As I Lay Dying
William Faulkner
Contributed by Loretta Ingwersen
Section 2

Vernon Tull narrates. He and Anse talk about sending the boys off with the lumber; Anse continues to say he doesn’t like doing it, but he has to. Addie wants to be buried in Jefferson, with her own people, and they’ll want to set off right away after she dies. Vardaman, the youngest Bundren, comes along, carrying an enormous fish. He wants to show it to his mother. Anse tells Vardaman to clean it, and the boy goes around the house. Vernon notes that rain is coming. He looks at Cash, working meticulously on the coffin, and he hopes that Cash does as good a job on the barn he’s supposed to build for Vernon. Cora and Eula and Kate come out of the house; it’s time for the Tulls to go home. They discuss the Bundrens. Vernon has promised to help Anse if he gets into a tight spot; like all of the people in the area, he’s already helped Anse a great deal over the years. Kate observes acridly that if Addie dies, Anse will get a new wife before cotton-picking time. Now that Addie is dying, the three older Bundren sons will probably get married.

Anse narrates. Anse speaks of the misfortune of living near the road. He blames the bustle of the road for many misfortunes, including Cash’s carpenter hopes, which lead to Cash falling off a roof and being unable to work for six months. He thinks the road has contributed to Addie’s sickness. Vardaman returns, covered with blood from having cleaned the fish. Anse tells him to go wash up. Anse is weary.

Darl narrates. He asks Jewel, repeatedly, if he realizes that Addie is going to die. He has bothered Dewey Dell, not out of malice but out of a strange detachment from how his words hurt her: he knew that Dewey Dell is pregnant, and that she is waiting for Addie to die so she can rush to town and find a pharmacist to help her have an abortion.

Peabody narrates. He is the doctor, and despite the coming storm he has been sent for by Anse. He knows that if stingy Anse has sent for him, it’s already to late; moreover, he doesn’t want to prolong Addie’s suffering. Peabody is obese and old, and he has to be hauled up the bluff by a rope. He enters Addie’s room and sees that the end is very close. He goes out on the porch to talk to Anse, but Dewey Dell calls them back in the room. Addie’s eyes are fierce. Dewey Dell tells Peabody that Addie wants him to leave. Suddenly, Addie calls out to Cash, still sawing away on the coffin. Her voice is harsh and strong.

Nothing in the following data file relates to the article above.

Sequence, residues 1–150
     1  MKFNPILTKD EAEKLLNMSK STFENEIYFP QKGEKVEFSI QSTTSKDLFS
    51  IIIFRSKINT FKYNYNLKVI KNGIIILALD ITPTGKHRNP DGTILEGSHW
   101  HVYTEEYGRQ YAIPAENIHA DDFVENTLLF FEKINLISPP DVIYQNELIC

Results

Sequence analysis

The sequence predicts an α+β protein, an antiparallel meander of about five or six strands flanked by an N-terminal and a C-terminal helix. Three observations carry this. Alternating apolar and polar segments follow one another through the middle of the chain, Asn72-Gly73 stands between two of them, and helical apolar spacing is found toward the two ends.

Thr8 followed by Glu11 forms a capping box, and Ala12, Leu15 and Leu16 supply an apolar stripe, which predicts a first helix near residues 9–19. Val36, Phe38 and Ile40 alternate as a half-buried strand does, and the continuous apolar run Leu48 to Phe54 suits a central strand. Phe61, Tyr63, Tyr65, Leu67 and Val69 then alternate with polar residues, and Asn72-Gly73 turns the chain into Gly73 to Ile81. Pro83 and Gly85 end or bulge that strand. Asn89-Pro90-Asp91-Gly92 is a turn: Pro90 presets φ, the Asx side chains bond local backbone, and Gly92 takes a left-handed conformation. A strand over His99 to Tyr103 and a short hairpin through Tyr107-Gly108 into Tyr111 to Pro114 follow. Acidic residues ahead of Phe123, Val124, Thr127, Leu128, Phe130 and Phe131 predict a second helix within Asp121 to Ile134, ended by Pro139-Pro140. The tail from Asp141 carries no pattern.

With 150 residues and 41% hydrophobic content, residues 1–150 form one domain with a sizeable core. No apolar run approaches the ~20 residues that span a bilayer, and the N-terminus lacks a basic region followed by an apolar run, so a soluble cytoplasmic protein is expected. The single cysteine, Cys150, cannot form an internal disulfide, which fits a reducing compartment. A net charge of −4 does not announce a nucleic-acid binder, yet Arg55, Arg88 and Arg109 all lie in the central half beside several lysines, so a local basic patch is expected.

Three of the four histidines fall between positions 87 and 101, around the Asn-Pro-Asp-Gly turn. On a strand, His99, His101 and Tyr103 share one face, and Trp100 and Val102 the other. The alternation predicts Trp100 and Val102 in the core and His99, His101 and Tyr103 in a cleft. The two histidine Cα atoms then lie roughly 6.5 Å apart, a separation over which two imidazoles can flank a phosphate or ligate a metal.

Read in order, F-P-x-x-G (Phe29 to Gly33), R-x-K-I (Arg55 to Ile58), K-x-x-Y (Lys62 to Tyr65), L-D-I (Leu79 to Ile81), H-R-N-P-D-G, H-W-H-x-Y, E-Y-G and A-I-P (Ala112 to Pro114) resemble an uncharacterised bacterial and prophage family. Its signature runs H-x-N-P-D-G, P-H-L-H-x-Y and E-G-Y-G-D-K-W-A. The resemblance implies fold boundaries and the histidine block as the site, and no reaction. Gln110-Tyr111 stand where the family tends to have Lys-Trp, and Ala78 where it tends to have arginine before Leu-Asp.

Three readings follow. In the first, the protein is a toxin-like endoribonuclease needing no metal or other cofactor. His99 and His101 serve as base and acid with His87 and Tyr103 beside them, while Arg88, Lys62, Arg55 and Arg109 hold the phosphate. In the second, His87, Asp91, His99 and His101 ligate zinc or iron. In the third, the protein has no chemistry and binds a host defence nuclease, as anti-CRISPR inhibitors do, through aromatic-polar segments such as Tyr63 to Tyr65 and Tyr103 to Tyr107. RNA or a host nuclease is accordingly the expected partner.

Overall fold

Darl narrates. This interior monologue is one of the strangest in the novel: though Darl is not present, he narrates the death of Addie Bundren. Dewey Dell says that Addie wants to see Jewel. Anse informs her that Jewel and Darl have gone off to ship the lumber. Addie calls out to Cash again; he fits together two boards for her to see. She looks at Vardaman, and it seems as if the light leaps back into her eyes; then, suddenly, she is dead. Dewey Dell throws herself on her mother’s body, weeping hysterically. Vardaman, terrified, slips out of the room.

Meanwhile, Jewel and Darl have run the wagon into a ditch. One of the wheels is shattered. The description is italicized.

Cash comes in to look at his mother. Anse tells him to hurry up with the coffin. Anse also tells Dewey Dell to fix supper. She smooths the wrinkles of the bed and goes.

The voice becomes more subjectively Darl’s, the verb tenses indicating imagining rather than witnessing the situation: he imagines Dewel Dell looking at Peabody, thinking to herself that the doctor could help her so much if he only knew.

The narrator switches to a tense suggesting witness. Anse touches Addie’s corpse and quilt, trying to be tender. He then leaves, thinking about he’ll finally be able to get those false teeth he’s always wanted.

Back at the wrecked wagon, Darl tells Jewel that Addie is dead.

Vardaman narrates. He runs out back and cries. Not far from the porch is the spot where the fish lay earlier that day. He is preoccupied by the memory of the blood, and of the change from fish to not-fish. He blames Peabody fro triggering his mother’s death, and runs into the barn to beat Peabody’s horses. The horses run off, leaving a trail of dust. He runs into the pasture, where he ignores the cow he needs milking. He watches Cash come out from the house, noting Cash’s limp. Cash notes the dust trail and goes up the path to investigate. Vardaman is full of angry, confused feelings; he keeps thinking of the moment before the fish was cut and before his mother was dead. He hears no living thing, and even the sensory information connected to Jewel’s magnificent horse dissolves into its different components.